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Schools reopen in Uganda after nearly-two-year COVID closure | Education News

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Some 15 million pupils have not attended school in Uganda since March 2020 when classrooms were shuttered as COVID-19 swept the world.

Uganda has ended the world’s longest school closure, ordering millions of students back to the classroom after a gap of nearly two years.

Some 15 million pupils have not attended school in Uganda since March 2020 when classrooms were shuttered as COVID-19 swept the world.

Education Minister John Muyingo said all students would automatically resume classes a year above where they left off.

“All schools have implemented guidelines and standard operating procedures to ensure the safe return of children to schools, and measures have been put in place to ensure those who don’t comply do so,” he told the AFP news agency.

Muyingo said any private schools demanding fees above pre-pandemic rates would be sanctioned.

Ugandan President Yoweri Museveni lifted the bulk of COVID-19-related restrictions in the country in September last year, but he left schools shuttered.

He announced in October last year that schools would reopen early next year regardless of the vaccination uptake, which is currently low.

The rush to return children to school clogged traffic in the capital Kampala on Monday.

Child rights groups had criticised Uganda’s decision to keep schools fully or partially shuttered for 83 weeks, longer than anywhere else in the world.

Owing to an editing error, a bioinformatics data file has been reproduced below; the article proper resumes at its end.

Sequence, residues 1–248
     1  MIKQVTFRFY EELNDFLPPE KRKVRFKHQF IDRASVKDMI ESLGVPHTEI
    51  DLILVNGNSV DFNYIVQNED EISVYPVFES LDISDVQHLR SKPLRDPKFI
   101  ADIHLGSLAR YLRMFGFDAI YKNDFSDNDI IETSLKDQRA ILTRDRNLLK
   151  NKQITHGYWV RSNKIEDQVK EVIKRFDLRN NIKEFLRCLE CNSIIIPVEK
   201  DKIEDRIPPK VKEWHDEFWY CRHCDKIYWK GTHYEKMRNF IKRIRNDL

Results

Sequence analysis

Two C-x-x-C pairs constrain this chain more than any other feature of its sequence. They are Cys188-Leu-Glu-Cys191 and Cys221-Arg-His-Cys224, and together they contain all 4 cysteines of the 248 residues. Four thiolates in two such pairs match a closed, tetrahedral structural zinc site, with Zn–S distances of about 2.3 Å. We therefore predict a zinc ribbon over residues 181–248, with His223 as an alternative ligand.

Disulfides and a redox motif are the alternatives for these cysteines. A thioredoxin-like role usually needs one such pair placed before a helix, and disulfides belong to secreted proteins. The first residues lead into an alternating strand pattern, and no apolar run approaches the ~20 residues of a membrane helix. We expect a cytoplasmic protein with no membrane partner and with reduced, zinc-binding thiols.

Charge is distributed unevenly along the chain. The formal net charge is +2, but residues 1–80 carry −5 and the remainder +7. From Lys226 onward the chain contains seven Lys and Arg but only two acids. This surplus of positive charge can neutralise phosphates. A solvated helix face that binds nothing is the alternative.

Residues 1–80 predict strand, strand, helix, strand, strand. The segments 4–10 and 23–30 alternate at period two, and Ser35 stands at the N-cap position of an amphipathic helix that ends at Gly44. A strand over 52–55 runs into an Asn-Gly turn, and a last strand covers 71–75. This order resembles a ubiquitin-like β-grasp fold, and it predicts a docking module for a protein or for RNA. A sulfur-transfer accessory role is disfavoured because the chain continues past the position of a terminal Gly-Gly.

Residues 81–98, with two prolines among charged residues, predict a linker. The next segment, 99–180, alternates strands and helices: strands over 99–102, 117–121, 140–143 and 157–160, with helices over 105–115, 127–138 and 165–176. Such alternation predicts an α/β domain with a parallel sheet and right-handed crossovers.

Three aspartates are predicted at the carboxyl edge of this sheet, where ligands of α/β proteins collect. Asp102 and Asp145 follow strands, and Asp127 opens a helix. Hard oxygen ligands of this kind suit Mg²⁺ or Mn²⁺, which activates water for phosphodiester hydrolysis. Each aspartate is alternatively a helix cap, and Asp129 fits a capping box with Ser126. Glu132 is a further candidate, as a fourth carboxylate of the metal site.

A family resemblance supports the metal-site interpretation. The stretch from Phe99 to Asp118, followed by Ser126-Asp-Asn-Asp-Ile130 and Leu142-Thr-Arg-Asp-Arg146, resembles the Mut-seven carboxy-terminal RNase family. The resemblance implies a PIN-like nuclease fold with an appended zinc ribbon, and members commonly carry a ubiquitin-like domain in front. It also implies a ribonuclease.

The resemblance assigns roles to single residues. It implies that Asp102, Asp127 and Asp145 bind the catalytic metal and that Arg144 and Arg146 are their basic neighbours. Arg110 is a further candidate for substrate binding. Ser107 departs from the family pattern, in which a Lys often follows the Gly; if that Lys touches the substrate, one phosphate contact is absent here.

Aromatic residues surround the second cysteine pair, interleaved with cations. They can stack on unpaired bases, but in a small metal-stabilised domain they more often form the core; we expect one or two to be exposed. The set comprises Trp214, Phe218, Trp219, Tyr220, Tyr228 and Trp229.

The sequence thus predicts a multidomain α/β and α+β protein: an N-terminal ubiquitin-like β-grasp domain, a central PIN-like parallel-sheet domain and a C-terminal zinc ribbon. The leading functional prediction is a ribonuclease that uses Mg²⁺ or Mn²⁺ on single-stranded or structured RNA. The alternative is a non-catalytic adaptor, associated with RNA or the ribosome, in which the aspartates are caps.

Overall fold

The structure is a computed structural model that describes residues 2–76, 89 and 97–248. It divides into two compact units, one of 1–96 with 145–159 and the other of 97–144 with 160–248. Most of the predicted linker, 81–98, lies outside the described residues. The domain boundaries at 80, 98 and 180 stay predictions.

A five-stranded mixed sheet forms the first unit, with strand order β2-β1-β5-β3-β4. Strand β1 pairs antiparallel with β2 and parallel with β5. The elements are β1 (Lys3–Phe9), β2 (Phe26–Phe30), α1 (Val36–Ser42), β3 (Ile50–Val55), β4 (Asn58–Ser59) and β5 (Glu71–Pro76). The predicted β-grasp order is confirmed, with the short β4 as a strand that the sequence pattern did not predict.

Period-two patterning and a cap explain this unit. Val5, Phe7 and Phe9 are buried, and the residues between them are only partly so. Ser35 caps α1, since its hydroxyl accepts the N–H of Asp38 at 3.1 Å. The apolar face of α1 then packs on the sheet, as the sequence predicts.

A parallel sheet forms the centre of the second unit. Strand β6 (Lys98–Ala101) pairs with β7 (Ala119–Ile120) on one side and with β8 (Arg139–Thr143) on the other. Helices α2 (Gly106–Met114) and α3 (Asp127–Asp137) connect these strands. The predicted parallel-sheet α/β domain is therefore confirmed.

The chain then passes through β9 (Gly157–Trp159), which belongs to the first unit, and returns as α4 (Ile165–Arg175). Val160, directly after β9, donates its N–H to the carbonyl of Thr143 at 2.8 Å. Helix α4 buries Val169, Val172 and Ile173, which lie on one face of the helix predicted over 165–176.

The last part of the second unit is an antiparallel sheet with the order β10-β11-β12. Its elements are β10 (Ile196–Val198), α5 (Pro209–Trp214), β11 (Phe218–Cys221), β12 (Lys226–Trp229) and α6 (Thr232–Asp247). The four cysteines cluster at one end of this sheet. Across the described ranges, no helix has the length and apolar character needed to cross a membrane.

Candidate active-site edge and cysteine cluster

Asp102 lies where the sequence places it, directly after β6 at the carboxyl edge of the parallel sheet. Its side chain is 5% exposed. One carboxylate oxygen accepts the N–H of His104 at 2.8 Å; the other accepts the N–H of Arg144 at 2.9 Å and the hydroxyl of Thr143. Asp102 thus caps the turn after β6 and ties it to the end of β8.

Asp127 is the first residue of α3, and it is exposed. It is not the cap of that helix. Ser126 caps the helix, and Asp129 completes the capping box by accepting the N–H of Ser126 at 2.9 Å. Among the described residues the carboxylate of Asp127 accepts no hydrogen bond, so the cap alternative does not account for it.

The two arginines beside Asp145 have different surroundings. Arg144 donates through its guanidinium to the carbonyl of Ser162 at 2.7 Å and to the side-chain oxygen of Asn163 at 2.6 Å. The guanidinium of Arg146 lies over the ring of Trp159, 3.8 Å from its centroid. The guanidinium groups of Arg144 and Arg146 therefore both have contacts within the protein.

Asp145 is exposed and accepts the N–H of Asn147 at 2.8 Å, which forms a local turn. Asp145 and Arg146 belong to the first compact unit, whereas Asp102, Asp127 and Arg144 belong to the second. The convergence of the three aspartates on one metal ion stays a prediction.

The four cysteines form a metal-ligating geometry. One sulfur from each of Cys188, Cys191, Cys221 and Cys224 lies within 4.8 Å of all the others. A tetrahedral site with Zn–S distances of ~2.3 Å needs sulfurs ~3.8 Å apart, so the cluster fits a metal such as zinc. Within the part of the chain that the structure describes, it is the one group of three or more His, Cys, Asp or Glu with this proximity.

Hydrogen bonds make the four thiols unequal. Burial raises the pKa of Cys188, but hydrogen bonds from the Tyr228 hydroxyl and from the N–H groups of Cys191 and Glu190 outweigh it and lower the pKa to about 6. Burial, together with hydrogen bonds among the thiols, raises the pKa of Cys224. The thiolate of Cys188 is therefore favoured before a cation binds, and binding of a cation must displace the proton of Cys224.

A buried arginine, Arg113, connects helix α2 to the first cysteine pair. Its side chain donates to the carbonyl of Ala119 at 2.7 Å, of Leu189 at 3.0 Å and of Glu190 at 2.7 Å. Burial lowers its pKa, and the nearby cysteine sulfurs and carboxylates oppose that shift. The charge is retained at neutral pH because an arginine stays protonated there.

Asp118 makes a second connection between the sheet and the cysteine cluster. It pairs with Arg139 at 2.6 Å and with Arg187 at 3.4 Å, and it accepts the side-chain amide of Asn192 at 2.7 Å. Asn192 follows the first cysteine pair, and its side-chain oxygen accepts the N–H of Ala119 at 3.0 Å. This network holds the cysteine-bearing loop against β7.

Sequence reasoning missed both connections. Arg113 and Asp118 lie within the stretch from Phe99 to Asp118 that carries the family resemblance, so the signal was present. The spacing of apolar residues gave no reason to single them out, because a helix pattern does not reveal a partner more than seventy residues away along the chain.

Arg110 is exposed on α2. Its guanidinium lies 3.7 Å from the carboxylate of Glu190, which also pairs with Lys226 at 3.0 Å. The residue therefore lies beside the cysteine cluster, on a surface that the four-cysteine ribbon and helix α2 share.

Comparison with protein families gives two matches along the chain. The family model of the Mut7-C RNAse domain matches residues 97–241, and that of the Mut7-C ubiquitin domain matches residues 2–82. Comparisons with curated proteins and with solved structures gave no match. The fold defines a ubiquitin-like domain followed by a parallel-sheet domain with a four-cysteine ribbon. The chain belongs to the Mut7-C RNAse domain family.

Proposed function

Uganda has recorded 153,762 cases of COVID-19 and 3,339 deaths, according to the latest government figures issued on January 7.

Ugandans have shown reluctance to get jabbed so far despite President Museveni stating that “right now 4.7 million vaccines” are available with a further 23 million doses expected by the end of the year.

Challenges ahead

During the pandemic, many school-aged boys entered the child labour market to work in mining, street vending and sugarcane planting.

Students who took up manual jobs to support their families through the pandemic and may not return to education. Other students worry they may never catch up on the school work they have missed.

According to the National Planning Authority (NPA), up to 30 percent of students are expected to not return to their school desks due to teen pregnancy, early marriage and child labour.

Between March 2020 and June last year, the country reported a 22.5-percent jump in pregnancies among girls aged 10 to 24, data from UNICEF show.

With their careers on hold, many teachers have also switched to other jobs to help provide for their families.

Several institutions have converted to hotels or restaurants.





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